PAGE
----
Barca didn't do tiki-taka

Barca didn't do tiki-taka

Tiki-taka is rubbish.

These are not the words of Jose Mourinho, or an old school English manager, tired of being told of the supremacy of the European game.

They're the words of Pep Guardiola, the man most clearly associated with developing the concept.

And that's just one line from a new book that is likely to be on the reading list of everyone in the game.

The English edition of Pep Confidential, written by Marti Perarnau and published by Backpage Press, looks an extraordinary book, one that gets as close to the inner workings of a football club as any book since Hunter Davies' legendary The Glory Game, first published in 1972.

Even the best journalists in the UK find that their access to teams, managbroers and players is heavily restricted.

That's definitely not the case here.

Author Perarnau was given complete access to Guardiola during his first season at Bayern Munich, with the only condition being that he didn't breathe a word about it to anyone during the campaign.

The result will certainly bust some of the more frequently repeated myths about the Spanish coach.

"I loathe all that passing for the sake of it, all that tiki-taka," Guardiola was quoted as saying in the book.

SHOCK

"It's so much rubbish and has no purpose. You have to pass the ball with clear intention and aim to make it into the opposition's goal.

"It's not about passing for the sake of it. Don't believe what people say. Barca didn't do tiki-taka! It's completely made up! Don't believe a word of it!

"In all team sports, the secret is to overload one side of the pitch so the opponent must tilt its defence to cope.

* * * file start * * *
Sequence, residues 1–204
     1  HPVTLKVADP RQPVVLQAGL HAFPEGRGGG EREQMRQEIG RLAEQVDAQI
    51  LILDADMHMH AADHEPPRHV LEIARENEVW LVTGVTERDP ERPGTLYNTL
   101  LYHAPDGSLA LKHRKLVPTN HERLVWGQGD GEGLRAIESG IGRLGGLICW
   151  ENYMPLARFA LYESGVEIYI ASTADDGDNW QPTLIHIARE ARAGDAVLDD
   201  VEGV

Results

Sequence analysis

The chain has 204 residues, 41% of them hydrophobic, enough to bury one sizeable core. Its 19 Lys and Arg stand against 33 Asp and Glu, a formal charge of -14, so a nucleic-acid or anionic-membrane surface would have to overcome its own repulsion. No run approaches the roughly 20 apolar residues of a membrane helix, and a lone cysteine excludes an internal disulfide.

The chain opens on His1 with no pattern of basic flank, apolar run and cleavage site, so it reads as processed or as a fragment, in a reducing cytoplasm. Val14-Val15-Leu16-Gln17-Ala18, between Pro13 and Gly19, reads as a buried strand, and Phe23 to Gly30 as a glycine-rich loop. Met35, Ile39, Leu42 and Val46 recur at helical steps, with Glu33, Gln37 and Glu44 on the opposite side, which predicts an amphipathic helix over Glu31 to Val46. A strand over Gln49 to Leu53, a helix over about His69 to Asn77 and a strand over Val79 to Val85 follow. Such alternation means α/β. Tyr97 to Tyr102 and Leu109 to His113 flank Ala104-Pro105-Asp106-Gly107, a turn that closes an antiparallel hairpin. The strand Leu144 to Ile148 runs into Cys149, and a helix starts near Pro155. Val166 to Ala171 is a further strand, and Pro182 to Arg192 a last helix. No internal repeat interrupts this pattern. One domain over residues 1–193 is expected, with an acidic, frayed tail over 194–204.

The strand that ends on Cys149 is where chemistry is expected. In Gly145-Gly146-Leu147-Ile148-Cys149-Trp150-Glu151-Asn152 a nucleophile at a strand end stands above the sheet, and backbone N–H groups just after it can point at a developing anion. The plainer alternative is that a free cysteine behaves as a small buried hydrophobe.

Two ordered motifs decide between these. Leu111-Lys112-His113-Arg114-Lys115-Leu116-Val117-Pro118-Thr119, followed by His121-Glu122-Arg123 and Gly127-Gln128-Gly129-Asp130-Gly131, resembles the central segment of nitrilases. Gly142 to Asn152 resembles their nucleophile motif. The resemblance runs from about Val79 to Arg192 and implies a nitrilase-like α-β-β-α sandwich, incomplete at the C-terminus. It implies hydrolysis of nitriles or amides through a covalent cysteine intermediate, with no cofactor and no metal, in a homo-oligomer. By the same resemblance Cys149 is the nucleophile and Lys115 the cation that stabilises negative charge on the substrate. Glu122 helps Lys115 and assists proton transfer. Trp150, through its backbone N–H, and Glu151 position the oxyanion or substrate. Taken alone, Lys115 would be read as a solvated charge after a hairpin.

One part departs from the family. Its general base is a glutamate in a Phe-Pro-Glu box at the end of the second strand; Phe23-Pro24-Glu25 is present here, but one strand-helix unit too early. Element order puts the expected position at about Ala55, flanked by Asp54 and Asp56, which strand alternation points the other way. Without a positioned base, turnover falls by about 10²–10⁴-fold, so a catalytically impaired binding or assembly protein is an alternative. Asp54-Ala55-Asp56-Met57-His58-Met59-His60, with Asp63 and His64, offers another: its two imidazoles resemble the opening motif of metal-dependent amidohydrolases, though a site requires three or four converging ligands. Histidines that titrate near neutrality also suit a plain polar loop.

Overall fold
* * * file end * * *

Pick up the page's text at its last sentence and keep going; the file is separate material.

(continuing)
"You overload on one side to leave the other side weak.

"When we've done all that, we attack and score from the other side.

"That's why you need to pass the ball, but only if you are doing it with a clear intention."

Unlike the Roy Keane book, Pep Confidential is less about controversy, dark humour and score-settling.

It's far more about the mechanics of managing a football club, the day-to-day business, the way that key people operate.

For the football purist, that makes it one of the most fascinating reads of the season.

Finally, a book about football, and not about personalities.

And there are clues too as to why Guardiola turned his nose up at the resources of Manchester City and Chelsea, and chose to restart his career in Germany with Bayern Munich.

But one thing strikes you as you read these extracts.

Would Mourinho ever allow anyone to have so much access to his inner sanctum?

Would he allow his methods to be so exposed to scrutiny?

The book itself is compelling enough.

The reaction to its publication, particularly in a certain part of west London, will be even more interesting.

Don't believe what people say. Barca didn't do tiki-taka! It's completely made up! Don't believe a word of it! In all team sports, the secret is to overload one side of the pitch so that the opponent must tilt its own defence to cope. You overload on one side to leave the other side weak. When we've done all that, we attack and score from the other side. - Pep Guardiola

Tiki-taka is a style of play characterised by short passing and movement, working the ball through various channels, and maintaining possession. The style is primarily associated with Barcelona from Johan Cruyff's time as coach till now, and the Spanish national team under coaches Luis Aragones and Vicente del Bosque. - Wikipedia


This article was first published on Oct 17, 2014.
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